If you want to do well, you need to anticipate value trajectories and make proactive moves accordingly. That was my #1 lesson this past year. You need to be the guy buying Spiller after his disappointing rookie year, not the guy trying to buy him now. There aren't a lot of these guys out there. That's the hard part. You look at some of the trendy "next big thing" options right now like Josh Gordon, Kendall Wright, Justin Blackmon, David Wilson, Alshon Jeffery, Bernard Pierce, LaMichael James, Rueben Randle, Jon Baldwin, and Michael Floyd. Maybe 1-2 of those guys are legit. The rest will end up varying degrees of outright crap or mediocre like Maclin, Beanie, Torrey, McFadden, Felix, etc.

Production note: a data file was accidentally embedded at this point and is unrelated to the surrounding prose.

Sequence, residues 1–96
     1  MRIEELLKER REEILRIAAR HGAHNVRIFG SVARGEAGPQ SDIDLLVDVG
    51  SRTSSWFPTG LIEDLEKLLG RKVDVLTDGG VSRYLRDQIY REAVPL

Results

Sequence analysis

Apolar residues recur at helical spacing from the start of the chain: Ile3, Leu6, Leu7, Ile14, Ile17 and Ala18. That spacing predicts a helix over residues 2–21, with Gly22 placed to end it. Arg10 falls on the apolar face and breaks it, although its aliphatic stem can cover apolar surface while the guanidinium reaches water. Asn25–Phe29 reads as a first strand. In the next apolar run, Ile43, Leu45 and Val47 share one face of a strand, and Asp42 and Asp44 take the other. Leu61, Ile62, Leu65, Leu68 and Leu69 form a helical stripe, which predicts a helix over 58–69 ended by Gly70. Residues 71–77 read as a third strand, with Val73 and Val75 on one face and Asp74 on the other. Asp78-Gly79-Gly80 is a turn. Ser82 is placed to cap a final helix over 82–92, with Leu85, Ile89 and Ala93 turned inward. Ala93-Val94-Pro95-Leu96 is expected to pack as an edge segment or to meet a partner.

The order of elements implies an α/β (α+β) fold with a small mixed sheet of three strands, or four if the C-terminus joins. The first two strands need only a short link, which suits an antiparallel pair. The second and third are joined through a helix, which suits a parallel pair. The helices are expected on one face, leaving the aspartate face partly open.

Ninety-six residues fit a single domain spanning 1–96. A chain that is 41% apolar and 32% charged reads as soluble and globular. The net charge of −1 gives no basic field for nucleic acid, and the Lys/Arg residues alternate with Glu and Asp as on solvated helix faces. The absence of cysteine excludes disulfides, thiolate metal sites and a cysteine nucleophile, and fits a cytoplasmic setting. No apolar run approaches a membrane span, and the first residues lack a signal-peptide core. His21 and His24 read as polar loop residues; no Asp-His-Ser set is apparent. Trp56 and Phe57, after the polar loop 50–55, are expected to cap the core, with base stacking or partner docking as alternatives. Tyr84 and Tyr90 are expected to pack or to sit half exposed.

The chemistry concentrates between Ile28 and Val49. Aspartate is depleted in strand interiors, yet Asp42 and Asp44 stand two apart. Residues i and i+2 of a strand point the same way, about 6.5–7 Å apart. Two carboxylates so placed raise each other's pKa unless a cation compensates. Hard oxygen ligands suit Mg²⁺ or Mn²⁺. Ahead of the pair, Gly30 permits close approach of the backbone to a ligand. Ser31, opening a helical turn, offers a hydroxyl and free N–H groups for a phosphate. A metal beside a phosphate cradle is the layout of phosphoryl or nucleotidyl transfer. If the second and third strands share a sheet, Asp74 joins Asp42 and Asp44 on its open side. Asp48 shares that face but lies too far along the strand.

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I would not be in a league where I legitimately thought one owner was trading a stud to another owner specifically for the purpose of competing against one of the better teams in the league. Does that really happen in legit, established leagues?

I found that statement very odd as well. So the team gives a way a stud, forever, to help an underdog win over a better team that season. Why would anyone do that?
For everybody about my previous post.I was having a moment there and I do likely read that situation wrong. Sometimes bad trades happen.I guess I will try to put it like this. If a team in your league seems to constantly win trades, you know this owner constantly wins trades, please stop trading with this owner unless you are sober.I have been the guy always winning the trades too. Some owners are very irrational and will trade for all manner of reasons besides just wanting to make their teams better.